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The Thames Gateway is an area of land stretching 40 miles (60 km) east from inner East Londonmarker on both sides of the River Thames and the Thames Estuarymarker. The area, which includes much brownfield land, has been designated a national priority for urban regeneration, taking advantage of the development opportunities realised by the completion of the High Speed 1 (officially known as the Channel Tunnel Rail Link) rail line. It stretches from Westferry in Tower Hamletsmarker to the Isle of Sheppeymarker and extends across three of the regions of England. The development is delivered through regional development agencies, special purpose development corporations and local partnerships.


The Thames Gateway comprises sections of 16 different local government districts in three regions:

Region Districts
London boroughs (brown), non-metropolitan districts (green) and unitary authorities (dark green).
Londonmarker From the North East and South East London sub region, the London boroughs of Barking and Dagenhammarker, Bexleymarker, Haveringmarker, Lewishammarker, Greenwichmarker, Newhammarker and Tower Hamletsmarker
East Essex non-metropolitan districts of Basildonmarker, Castle Point and Rochfordmarker; and the unitary authorities of Thurrockmarker and Southend-on-Seamarker
South East Kentmarker non-metropolitan districts of Dartford, Graveshammarker and Swale; and the unitary authority of Medway


The area accommodates around 1.6 million people and contains some of the most deprived wards in the country, characterised by lack of access to public transport, services, employment and affordable quality housing. Its boundary was drawn to capture the riverside strip that formerly hosted many land extensive industries, serving London and the South East, whose decline has left a legacy of large scale dereliction and contaminated land.

The area of brownfield land, farmland and marsh has been seen by successive governments and planners as having potential to act as a catalyst for the regeneration and growth and for the social advancement of the area, helping to alleviate some of the growth pressures on London and the South East. The government also believes that new private sector housing will reduce house price inflation.


The Department for Communities and Local Governmentmarker is responsible for co-ordinating the project and development will be largely delivered by the three regional development agencies: the London Development Agency (LDA - part of the Greater London Authority), the East of England Development Agency (EEDA) and the South East England Development Agency (SEEDA), as well as the national regeneration agency, English Partnerships.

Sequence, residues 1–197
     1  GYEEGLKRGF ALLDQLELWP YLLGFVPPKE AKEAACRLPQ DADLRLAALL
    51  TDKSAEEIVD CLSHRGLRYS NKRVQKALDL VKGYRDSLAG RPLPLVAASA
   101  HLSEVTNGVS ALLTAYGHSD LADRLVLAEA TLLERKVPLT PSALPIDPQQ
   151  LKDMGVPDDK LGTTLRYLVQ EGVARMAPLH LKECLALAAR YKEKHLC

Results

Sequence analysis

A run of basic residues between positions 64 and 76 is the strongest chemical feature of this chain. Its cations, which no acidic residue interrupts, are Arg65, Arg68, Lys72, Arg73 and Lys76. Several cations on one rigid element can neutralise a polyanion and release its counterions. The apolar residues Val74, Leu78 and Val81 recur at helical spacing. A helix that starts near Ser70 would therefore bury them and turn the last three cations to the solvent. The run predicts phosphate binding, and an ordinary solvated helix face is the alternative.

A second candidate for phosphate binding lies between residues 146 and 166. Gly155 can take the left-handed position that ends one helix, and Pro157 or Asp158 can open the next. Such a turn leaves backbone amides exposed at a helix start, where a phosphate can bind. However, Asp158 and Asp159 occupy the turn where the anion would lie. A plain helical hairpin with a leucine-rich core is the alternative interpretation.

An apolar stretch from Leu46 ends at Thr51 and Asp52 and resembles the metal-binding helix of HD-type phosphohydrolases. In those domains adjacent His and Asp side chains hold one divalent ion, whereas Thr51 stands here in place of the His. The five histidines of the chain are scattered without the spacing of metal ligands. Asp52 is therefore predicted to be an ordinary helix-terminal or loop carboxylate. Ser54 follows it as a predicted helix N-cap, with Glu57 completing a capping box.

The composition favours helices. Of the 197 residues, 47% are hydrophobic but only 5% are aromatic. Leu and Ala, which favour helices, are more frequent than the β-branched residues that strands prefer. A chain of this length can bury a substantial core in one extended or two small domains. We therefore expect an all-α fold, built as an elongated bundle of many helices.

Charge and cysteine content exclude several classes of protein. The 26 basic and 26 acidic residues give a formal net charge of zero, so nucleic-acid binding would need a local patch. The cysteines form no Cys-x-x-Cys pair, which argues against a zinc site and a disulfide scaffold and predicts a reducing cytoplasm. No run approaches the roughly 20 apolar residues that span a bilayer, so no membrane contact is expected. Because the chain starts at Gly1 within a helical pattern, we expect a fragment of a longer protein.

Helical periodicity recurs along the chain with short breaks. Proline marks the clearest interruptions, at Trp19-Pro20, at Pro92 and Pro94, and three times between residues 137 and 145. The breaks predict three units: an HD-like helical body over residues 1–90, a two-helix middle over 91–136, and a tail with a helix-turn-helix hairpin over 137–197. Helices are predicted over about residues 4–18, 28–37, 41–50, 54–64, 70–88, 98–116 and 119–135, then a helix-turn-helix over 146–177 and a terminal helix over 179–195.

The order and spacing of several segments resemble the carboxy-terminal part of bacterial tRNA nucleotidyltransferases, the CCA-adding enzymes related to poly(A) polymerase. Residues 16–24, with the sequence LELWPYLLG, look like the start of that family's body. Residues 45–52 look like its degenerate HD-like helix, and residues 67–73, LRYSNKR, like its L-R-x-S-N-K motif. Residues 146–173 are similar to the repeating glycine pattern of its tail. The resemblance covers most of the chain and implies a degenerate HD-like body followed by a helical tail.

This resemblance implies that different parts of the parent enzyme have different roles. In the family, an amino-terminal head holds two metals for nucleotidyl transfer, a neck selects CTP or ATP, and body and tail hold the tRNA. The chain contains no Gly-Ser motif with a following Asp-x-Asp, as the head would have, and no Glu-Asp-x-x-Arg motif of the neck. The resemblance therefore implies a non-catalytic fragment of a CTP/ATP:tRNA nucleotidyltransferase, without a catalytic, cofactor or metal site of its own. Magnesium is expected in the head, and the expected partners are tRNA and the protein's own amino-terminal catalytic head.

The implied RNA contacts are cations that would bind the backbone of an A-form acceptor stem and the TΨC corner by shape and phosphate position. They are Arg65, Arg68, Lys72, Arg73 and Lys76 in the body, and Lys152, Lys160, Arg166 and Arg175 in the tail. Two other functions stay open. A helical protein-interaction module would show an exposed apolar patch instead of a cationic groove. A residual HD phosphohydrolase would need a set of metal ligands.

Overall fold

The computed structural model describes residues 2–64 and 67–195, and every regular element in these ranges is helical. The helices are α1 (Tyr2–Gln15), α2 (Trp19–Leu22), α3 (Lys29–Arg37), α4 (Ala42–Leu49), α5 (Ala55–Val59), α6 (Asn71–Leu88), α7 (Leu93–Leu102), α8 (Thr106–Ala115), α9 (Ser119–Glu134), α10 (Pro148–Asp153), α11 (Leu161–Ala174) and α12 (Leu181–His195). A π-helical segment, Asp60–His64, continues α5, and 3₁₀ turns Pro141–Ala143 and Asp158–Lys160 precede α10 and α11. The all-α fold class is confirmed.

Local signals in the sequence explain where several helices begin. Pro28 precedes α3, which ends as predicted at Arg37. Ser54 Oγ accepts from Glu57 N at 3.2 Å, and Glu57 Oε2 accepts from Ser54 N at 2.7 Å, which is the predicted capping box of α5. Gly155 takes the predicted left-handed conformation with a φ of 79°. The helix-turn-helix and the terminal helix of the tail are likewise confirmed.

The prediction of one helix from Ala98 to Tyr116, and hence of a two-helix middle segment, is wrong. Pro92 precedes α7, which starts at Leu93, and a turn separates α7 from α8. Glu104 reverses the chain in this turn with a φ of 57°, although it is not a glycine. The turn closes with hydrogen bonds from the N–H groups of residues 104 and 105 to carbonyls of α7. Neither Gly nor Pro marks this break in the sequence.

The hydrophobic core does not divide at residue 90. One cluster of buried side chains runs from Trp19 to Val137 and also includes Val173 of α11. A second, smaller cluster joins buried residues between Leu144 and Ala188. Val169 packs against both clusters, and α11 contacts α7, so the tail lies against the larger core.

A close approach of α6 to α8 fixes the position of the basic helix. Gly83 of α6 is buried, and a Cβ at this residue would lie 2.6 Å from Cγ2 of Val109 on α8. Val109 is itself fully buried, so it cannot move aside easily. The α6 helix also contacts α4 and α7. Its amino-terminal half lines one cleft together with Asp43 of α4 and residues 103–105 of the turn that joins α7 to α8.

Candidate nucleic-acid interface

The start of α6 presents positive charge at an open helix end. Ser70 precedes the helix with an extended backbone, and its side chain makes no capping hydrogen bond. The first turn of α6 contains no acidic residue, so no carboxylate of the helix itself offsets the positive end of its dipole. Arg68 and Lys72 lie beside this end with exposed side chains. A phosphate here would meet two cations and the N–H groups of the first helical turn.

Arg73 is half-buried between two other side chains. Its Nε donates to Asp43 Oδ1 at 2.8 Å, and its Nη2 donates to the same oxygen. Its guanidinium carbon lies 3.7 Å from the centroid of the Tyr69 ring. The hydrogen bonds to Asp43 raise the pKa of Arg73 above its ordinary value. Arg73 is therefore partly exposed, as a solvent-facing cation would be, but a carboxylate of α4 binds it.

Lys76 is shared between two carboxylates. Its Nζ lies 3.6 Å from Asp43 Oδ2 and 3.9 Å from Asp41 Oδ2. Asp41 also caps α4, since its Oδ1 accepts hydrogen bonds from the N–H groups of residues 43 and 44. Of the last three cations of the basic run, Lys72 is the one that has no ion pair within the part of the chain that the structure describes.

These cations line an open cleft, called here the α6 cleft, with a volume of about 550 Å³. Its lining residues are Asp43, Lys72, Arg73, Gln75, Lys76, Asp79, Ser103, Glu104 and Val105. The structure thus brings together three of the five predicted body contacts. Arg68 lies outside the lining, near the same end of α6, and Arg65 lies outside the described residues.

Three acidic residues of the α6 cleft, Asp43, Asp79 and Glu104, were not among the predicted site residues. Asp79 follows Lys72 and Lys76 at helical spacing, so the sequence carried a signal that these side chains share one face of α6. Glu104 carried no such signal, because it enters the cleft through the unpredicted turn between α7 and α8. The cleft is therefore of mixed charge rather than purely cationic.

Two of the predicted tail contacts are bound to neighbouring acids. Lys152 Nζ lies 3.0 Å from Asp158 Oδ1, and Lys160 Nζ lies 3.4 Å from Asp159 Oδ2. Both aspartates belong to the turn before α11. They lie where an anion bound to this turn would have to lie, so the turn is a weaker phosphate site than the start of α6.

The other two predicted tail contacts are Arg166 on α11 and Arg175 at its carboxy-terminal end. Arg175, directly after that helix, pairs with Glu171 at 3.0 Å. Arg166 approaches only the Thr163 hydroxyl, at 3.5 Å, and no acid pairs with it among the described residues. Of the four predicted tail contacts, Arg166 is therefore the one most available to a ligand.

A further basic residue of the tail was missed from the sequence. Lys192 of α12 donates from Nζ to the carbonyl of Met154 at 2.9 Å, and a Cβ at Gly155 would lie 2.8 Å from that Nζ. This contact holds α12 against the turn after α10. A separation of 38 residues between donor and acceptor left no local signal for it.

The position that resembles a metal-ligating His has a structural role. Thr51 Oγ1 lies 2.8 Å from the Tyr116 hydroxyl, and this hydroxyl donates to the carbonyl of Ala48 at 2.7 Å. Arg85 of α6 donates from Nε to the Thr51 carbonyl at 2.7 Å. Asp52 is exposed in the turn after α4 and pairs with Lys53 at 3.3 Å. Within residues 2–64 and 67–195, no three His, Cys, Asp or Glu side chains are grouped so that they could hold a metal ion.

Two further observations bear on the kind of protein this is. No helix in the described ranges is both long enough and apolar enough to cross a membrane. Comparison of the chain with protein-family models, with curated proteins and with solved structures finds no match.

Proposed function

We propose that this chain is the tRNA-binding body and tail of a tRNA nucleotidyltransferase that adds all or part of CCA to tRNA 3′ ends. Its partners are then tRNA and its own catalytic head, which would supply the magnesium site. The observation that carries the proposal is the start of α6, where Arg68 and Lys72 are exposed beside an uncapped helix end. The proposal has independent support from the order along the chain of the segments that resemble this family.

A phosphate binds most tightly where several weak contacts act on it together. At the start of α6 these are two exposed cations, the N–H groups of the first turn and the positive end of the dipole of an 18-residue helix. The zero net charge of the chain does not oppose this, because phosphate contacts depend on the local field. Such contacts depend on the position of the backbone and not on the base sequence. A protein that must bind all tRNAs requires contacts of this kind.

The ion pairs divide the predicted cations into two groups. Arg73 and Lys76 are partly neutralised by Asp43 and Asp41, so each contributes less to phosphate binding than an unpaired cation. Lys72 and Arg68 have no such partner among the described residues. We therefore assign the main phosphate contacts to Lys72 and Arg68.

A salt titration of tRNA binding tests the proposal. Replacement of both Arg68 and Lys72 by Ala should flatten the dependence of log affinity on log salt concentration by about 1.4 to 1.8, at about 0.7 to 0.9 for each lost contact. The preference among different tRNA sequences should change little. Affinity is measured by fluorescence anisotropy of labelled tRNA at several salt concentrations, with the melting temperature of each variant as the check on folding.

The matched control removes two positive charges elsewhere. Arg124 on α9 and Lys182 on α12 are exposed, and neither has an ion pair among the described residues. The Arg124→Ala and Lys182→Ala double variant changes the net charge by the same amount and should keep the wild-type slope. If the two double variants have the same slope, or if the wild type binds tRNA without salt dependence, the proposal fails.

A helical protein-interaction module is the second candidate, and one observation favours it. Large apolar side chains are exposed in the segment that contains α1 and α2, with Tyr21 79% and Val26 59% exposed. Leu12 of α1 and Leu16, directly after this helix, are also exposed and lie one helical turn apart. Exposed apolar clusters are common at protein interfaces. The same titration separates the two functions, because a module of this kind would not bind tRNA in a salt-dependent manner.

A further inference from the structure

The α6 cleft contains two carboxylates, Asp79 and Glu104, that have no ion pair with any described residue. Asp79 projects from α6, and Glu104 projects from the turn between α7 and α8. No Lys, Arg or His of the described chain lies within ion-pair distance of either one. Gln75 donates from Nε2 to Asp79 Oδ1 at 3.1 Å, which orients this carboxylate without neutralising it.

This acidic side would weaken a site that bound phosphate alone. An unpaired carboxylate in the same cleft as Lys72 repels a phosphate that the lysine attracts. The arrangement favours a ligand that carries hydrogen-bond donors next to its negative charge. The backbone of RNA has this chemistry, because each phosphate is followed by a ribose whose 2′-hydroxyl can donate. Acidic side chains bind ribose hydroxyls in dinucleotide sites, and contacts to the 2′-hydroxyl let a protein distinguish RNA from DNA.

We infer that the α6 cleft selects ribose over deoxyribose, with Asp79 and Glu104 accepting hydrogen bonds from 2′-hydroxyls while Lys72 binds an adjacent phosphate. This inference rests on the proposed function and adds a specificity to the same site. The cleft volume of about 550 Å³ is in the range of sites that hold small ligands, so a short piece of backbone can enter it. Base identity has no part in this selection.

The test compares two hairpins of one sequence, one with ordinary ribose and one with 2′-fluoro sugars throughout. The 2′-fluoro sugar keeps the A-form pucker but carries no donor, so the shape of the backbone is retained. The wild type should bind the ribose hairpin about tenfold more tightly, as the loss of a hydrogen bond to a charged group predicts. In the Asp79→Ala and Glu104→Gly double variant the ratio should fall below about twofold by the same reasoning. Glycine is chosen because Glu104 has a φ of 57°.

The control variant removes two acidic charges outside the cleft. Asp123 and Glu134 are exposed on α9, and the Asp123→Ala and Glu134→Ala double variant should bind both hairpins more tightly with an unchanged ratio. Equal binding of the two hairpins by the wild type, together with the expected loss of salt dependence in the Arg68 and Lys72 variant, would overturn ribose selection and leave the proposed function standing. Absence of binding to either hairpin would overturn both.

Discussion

The Thames Gateway project aims to improve the economy of the region through the development of marshland, farmland and brownfield land, utilising major transport infrastructure provision, and through the renaissance of existing urban conurbations. Comparisons may be drawn with developments east of Parismarker along the Marnemarker valley, but here a much greater area of land will be used.

Redevelopment zones

The development is split into zones each with a different agency responsible for delivery. The zones are:

Region Zones Delivery agencies
London London Thames Gateway Development Corporation
Greenwich Partnership and Bexley Partnership
South East Kent Thameside Delivery Board, Medway Renaissance Partnership, Swale Forward
East Thurrock Thames Gateway Development Corporation, Basildon Renaissance Partnership and Renaissance Southend


Before 2003 most conspicuous development was situated west of Becktonmarker. There have been substantial housing schemes at Chafford Hundredmarker, Chathammarker and Greenhithemarker and there is a large shopping centre at Bluewatermarker.

Region Project Description Status
London, East, South East High Speed 1 High speed rail line linking Stratfordmarker and Ebbsfleetmarker stations in the Gateway area to central London and continental Europe. Fully operational.
London Thames Gateway Bridgemarker Road bridge between Beckton and Thamesmead near to the existing Woolwich Ferrymarker. Designed to provide segregated bus, tram or DLR carriage. Cancelled
London Stratford Citymarker 73 hectares (0.73 square km) (180 acre) mixed use site of 100 shops, three large department stores, cafés, schools, hotels, parks and health centres. 11,000 residents and 30,000 workers. Part of the site will be used for the Olympics and will be converted after 2012. Under construction.
London East London Transit The East London Transit is an intermodal transport scheme to connect housing developments to rail and tube. Phase I under construction, due to open 2009.
London White Hart Triangle Mainly derelict land close to Plumstead railway stationmarker being developed with the aim of creating 2000 new jobs, with funding from the London Development Agency and European Union.
East London Gatewaymarker The development is a world class port, and a logistics and business park. The port will be developed at Shell Havenmarker, a 607 hectare (6 km2) (1,500 acre) site in Thurrock. The two schemes are expected to create up to 16,500 new jobs. Port due to open 2011, business park 2008
East Southend-on-Sea The council is using money provided through the scheme to redevelop the town centre and seafront and create a "transport corridor" along the A13.
East Basildon Districtmarker £2 billion major developments planned. These include the regeneration of Basildon, Wickford, Pitsea and Laindon town centres; a new sporting village, a health and education research centre, investment in the Basildon Enterprise Corridor business area, a wetland nature reserves in the Thames Marshes and investment in housing estates such as Craylands, Five Links and Felmores.
South East Ebbsfleet Valleymarker Ebbsfleet Valley is planned in the area around Ebbsfleet International station. It consists of over 790,000 square metre (8.5 million sq ft) of mixed-use development, including housing, retail, residential, hotel and leisure sites. According to a May 2007 press release from Land Securities, an "iconic landmark for Kent" will be planned here. A 50-metre high sculpture is planned to landmark Ebbsfleet and Ebbsfleet Valleymarker, estimated to cost £2 million.
South East Swanscombe Peninsulamarker Previously the location of the Swanscombe Cement Works, this 130 hectare (1.3 square km) (320 acre) site, partly in both Dartford and Gravesham, is planned to have 2,700 homes and of office space.